Arizonans didn’t get just two decorated law enforcement leaders in Phoenix Police Chief Jeri Williams and Maricopa County Sheriff Paul Penzone, they got two genuine friends who came up through the Phoenix Police ranks together and share a community-centric, transparent and collaborative approach to police work.
The new leaders of two of the state’s largest policing agencies shared their approaches to collaborative law enforcement and facilitating police partnerships with business, law enforcement and political leaders during a Greater Phoenix Chamber of Commerce Premier Leadership Series event on Feb. 23.
Engaging these law enforcement leaders in a direct talk with business leaders was the result of GPCC Executive Board members considering how the business community can most effectively support law enforcement. It was an ideal time to initiate a discussion, given that both Williams and Penzone are early in their leadership tenures and place a high value on collaboration.
“We need to work together with the county because we all are individual parts of the equation. Having this opportunity to discuss issues, thoughts, processes and procedures is what I am accustomed to from my time in California. We were a close-knit group,” said Williams, who led trainings for 300+ law enforcement agencies during her time as police chief in Oxnard, Calif. from 2011-2016. “You as the business community should be jazzed that we have this type of relationship in law enforcement.”
Penzone spent 21 years as a Phoenix police officer and won numerous commendations and awards for his leadership and work ethic. He is a champion of his agency and its employees.
“The men and women of the Maricopa County Sheriff’s Office are exceptionally talented, ethical and are very good people. I truly believe this office has been misrepresented for far too long and it’s time to give those men and women a chance to shine,” Penzone said.
Penzone and Williams highlighted the value of a strong, active relationship between businesses and law enforcement.
“How we are viewed as community on how we treat people directly impacts the growth and development of business owners…It is my responsibility to show discipline, ethics and professionalism so that whoever comes here knows that they will be safe and their business can thrive,” Penzone said.
Williams challenged the business leaders in the room to develop a business advisory board to facilitate communication and solutions between police and business. Penzone mentioned his outreach via the Sheriff Penzone Executive Advisory Review (SPEAR) group, which evaluates MCSO programs including Tent City.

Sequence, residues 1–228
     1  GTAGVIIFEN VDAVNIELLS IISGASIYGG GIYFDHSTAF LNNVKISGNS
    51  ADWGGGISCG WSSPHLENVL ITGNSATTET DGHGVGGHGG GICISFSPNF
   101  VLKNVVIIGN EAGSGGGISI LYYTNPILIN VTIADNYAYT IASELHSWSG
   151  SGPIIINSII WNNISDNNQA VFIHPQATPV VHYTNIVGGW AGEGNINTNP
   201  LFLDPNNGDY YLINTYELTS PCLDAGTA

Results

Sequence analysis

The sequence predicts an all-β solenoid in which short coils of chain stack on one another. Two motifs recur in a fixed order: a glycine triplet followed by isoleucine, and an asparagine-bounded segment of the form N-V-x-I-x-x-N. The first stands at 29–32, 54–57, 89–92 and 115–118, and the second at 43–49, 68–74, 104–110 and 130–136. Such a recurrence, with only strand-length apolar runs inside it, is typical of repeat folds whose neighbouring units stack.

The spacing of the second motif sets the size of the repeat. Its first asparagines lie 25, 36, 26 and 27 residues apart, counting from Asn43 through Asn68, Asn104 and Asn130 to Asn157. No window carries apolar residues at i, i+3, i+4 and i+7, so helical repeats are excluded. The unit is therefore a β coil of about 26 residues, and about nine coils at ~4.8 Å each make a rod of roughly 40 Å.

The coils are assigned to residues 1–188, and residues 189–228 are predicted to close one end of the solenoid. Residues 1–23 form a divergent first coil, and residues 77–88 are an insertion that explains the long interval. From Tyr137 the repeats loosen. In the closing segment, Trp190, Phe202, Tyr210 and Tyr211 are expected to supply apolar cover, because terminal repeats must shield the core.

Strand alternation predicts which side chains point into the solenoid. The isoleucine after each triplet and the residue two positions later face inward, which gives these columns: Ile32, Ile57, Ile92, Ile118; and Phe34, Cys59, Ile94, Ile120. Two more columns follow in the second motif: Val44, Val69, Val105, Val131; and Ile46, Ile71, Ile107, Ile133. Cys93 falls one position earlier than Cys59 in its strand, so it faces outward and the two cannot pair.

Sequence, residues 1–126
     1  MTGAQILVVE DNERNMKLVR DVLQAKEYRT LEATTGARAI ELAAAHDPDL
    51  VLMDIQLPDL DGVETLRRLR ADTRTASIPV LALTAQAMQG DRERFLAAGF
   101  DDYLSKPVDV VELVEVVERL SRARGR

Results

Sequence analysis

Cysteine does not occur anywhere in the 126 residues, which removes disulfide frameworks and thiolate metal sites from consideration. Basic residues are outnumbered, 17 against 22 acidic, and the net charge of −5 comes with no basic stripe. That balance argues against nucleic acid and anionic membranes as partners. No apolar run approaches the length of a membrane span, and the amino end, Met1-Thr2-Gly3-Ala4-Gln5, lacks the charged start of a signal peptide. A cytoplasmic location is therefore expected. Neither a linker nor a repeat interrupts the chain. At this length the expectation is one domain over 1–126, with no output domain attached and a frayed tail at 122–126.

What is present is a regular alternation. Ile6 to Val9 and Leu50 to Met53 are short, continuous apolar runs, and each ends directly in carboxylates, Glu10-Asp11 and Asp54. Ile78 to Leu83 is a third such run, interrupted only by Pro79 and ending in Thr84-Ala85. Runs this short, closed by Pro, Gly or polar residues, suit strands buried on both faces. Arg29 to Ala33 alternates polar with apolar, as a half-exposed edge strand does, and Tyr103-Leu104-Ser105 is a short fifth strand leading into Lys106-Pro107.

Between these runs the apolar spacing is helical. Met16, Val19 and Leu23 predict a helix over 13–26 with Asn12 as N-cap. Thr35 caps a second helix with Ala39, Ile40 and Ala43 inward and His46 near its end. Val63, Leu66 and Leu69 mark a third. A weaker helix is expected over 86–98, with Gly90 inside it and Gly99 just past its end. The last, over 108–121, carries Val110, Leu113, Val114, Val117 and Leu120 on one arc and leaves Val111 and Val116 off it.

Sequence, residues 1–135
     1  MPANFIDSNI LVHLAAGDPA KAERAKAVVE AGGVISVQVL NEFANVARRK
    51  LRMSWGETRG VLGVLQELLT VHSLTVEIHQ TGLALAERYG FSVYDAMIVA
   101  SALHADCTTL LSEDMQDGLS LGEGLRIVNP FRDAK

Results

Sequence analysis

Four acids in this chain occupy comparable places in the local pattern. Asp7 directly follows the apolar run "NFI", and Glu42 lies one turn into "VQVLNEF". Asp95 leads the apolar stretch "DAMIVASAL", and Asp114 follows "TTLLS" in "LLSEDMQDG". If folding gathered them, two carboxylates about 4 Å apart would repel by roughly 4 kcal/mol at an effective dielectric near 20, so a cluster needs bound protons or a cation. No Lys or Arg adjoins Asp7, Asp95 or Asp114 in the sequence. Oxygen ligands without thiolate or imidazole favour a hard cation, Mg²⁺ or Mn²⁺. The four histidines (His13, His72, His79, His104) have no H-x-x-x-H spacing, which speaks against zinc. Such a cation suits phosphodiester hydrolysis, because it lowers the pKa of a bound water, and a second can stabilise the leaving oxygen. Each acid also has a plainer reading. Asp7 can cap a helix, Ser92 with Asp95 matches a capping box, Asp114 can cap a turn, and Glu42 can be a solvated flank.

Williams and Penzone further highlighted the successes of their forces, especially when out in the community and asked to not be judged with every police department across the country.
“You see cities burning and riots, you see all kinds of things happening across this country. We are able manage civil, peaceful protests here. That’s because we’re amazing at our relationship building,” Williams said. “I ask that when you see things happening across the country, don’t paint the Phoenix Police Department or Maricopa County Sheriff’s Office as that department. Get to know us as your department and connection point.”
Penzone closed his comments highlighting the high regard he holds for police officers and the expectations he has for himself and his department.
“This badge we wear is not an entitlement, it is a privilege…If we don’t respect those we serve, then we shouldn’t wear the badge,” he said. “My responsibility is to ensure that the Maricopa County Sheriff’s Office is viewed in the same light as the Phoenix Police Department, as a reputable, talented, professional, ethical agency. It’s my responsibility to shine a light on it in partnership with the men and women who work with me because they truly do the job and I’m just blessed to be their sheriff. ”
During her closing remarks, Williams emphasized that her department is hiring 18-25 officers per month and has openings right now.
“I’m constantly hiring, always hiring. From every community group I go to. If you know someone who’s compassionate, empathetic and a hard worker, send them my way,” she said. “Note that I didn’t say, cool, sexy, take names and shoot guns. We can teach you that.”
Click here to watch a recap of the event.
– Written by Josh Coddington, marketing and communications manager, Greater Phoenix Chamber of Commerce.